A large black bear collided with a car on Frazier Mountain Park Road December 1 at about 10 p.m.
By Gary Meyer and Stan McCuen
Early on Sunday morning, Dec. 2, Robbin Sherwood caught a glimpse of what looked like a dog lying on the south side of Frazier Mountain Park Road as he was driving eastbound.
Sherwood pulled over and went back to see what it was.
There, on the side of the road at about 8 a.m., across from Stage Stop Hay & Mercantile, was a 400 pound black bear which had died after apparently being hit by a vehicle.
Robbin Sherwood is a hunter. He hunts mostly deer, quail and dove. The bear he found was over seven feet from nose to tail and, in his words, "just a beautiful animal."
"I just thought, ‘what a waste,’ it was such a beautiful animal," he said Monday via telephone from his home on Tejon Ranch, 18 miles eastnortheast of Castac (Tejon) Lake, overlooking Arvin.
Sherwood is as native as Mountain Communities residents come. "I was conceived on Frazier Mountain," he said in a slow drawl. "On top of Frazier Mountain?" I asked, wondering if he was kidding. "Well, I wasn’t there; you’ll have to ask my parents," he quickly responded.
During the two hour wait for Department of Fish & Game to arrive, Sherwood called a couple of hunting buddies, hoping the game warden would allow a hunter with a bear tag to take the animal and make use of its pelt or have it mounted for our local museum, rather than let it go to waste.
He passed the time chatting with Kern County Sheriff’s Deputy Skidmore, who stayed around between other calls needing attention. The hunters estimated the male bear’s age at four to five years, based on the sharpness of the teeth. Black bears live in the wild between 15 and 20 years, according to a National Park Service website.
Sherwood told of a bear that visited his cabin on the ranch seven or eight years ago. The animal got into his ice chest outdoors and sat down with five cans of Budweiser.
"He held the can up sideways and poked one hole in the side with his teeth-then drank the beer," Sherwood said, laughing as he remembered. "Then he went back into the ice chest and got another one!"
He says there is another bear that visits now, but he no longer leaves food or drink around for wildlife to get into.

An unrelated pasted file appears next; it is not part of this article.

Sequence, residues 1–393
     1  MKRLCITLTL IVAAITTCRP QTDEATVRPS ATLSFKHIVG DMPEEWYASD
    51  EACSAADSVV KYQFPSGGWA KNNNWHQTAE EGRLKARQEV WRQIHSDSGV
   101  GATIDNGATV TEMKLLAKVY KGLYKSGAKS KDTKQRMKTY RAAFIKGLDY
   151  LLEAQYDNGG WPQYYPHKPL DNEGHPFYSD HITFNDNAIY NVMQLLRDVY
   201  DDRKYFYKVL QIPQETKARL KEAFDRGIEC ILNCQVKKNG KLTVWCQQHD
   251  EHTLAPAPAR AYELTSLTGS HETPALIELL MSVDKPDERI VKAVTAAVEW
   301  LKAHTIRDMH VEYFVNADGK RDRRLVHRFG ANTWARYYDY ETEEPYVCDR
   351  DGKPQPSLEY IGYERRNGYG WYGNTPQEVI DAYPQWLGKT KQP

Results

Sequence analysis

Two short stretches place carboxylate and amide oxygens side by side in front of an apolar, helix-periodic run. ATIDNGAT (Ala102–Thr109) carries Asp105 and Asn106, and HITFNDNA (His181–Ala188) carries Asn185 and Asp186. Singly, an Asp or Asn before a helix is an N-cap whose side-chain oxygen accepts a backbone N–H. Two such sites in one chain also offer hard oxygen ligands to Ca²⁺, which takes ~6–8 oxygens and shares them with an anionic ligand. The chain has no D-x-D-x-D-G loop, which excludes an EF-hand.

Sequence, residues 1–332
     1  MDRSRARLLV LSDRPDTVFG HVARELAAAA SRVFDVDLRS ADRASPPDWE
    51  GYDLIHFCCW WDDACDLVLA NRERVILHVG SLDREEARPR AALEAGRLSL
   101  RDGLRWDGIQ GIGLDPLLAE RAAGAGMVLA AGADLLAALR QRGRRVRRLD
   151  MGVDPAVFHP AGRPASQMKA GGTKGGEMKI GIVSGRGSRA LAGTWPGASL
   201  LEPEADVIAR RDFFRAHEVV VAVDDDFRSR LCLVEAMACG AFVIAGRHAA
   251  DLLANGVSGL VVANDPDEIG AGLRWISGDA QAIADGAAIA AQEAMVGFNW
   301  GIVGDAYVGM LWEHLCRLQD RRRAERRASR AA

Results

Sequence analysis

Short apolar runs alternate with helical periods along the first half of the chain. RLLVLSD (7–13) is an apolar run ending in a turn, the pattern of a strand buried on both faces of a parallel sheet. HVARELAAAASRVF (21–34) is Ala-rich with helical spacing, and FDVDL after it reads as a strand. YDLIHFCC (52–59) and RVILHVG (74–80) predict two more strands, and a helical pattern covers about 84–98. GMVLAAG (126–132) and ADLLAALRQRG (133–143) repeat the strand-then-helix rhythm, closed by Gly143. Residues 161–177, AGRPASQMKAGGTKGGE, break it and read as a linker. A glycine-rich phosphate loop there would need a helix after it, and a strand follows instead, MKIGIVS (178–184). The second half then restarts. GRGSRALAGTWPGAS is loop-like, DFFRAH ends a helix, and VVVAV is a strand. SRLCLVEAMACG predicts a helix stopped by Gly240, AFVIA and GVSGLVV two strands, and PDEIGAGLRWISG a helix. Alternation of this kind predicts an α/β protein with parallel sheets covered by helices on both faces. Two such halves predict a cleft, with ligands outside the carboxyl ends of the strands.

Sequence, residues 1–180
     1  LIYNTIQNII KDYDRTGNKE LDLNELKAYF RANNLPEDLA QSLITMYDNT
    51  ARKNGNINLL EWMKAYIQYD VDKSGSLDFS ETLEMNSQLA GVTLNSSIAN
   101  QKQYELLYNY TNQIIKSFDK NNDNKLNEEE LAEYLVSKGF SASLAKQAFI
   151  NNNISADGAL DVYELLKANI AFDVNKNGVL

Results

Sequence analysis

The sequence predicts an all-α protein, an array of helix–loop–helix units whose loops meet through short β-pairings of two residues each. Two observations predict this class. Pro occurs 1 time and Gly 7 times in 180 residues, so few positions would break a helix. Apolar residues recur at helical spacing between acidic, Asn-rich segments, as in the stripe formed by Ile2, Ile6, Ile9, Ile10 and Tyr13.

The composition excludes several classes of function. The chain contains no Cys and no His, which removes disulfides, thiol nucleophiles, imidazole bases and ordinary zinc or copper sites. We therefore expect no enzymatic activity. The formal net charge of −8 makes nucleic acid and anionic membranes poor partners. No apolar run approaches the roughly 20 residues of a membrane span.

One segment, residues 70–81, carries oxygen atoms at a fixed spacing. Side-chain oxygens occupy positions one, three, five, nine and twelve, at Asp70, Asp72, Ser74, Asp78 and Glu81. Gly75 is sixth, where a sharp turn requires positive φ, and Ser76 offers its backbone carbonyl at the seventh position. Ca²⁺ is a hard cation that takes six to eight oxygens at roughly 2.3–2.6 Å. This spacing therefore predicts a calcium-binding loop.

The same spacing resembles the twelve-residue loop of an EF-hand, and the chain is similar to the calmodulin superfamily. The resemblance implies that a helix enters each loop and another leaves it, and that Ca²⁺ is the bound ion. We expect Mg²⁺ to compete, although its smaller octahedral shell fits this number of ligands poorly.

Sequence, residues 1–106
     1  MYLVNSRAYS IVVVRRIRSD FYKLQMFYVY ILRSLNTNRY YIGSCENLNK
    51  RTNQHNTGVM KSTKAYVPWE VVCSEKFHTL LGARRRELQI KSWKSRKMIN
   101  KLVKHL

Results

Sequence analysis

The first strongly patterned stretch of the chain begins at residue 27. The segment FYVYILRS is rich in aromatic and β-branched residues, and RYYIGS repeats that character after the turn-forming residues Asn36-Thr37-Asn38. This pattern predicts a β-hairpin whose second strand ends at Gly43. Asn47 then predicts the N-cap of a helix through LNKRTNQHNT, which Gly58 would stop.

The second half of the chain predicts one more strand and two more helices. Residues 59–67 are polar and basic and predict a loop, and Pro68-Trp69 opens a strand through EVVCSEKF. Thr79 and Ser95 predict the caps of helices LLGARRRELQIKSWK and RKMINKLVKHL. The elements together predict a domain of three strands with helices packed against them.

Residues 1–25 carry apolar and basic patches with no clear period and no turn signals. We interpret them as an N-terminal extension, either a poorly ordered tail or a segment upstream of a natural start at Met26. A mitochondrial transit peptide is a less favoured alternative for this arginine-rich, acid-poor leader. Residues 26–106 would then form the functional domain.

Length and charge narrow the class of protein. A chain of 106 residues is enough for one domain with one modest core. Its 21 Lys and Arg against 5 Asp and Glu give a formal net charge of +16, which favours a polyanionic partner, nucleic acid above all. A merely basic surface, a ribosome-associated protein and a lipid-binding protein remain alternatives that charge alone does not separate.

Stan McCuen, who writes this paper’s Hunt the Mountain column, contacted Doug Updike of the California Department of Fish & Game (DFG) for more information.
Updike said the California bear population is currently estimated to be 30,000 and growing. The annual bear harvest by hunters is set at 1,700 statewide. According to the DFG website the current number of bears taken this year is 1,513. The season ends on the last Sunday in December or when 1,700 is reached.
The harvest count is taken from the number of successful tags returned to the DFG on a daily basis, so this bear will not be deducted from the season’s count. Purchasing a bear tag does not insure a successful hunt, so no refund is available if the harvest maximum is reached early.
California has a long bear season. It runs from as early as August in some areas through the end of December.
Considering the long season and the number of tags sold, the department first set a limit on harvest in 1990.
The original 1,250 limit was raised to 1,500 and then to 1,700 a few years ago due to the increasing population of bears.
The DFG does not control bear population by hunting. That is, it does not try to maintain a constant number of bears. Instead, limited hunting is allowed as long as there is population growth. Should the population begin to decline the limit would be reduced.
Several hunters offered to tag the bear, according to Sherwood, to insure it would not be destroyed. However, road kill is considered an "illegal method of take," and, therefore the DFG has no choice but to dispose of the animal.
The DFG warden told Sherwood that, unfortunately, the animal would have to be taken into the wild and left there to be consumed in the natural process of the food chain.
During the interview, Sherwood said something should be done to allow taxidermists to make positive use of animals which fall victim to man’s presence.
"It’s just such a waste," he repeated, "not to allow a skilled taxidermist like myself or Jerri Johnson to preserve that animal’s body for others to learn from and enjoy. We really need to change this."
By Tuesday morning the mystery about what happened was revealed as California Highway Patrol reports were obtained showing that Rodney L. Janssen, 46 of Frazier Park was driving west on Frazier Mountain Park Road at about 55 miles per hour in a 2005 Subaru Impreza on Saturday, Dec. 1 at about 10 p.m. with a two-year-old child in the car.
He noticed a dark shape suddenly coming across the road from the north. Janssen collided with the animal. Both air bags deployed. He was able to keep the car under control. The bear died on impact the report states. No major injuries were reported to the car’s passengers, but the car itself sustained major damage and was towed from the scene. No citation was issued. This event reminds us all of the extreme care we must take while driving in the mountains, where the unexpected often occurs.
—Additional reporting by Patric Hedlund
This is part of the December 07, 2007 online edition of The Mountain Enterprise.
Have an opinion on this matter? We'd like to hear from you.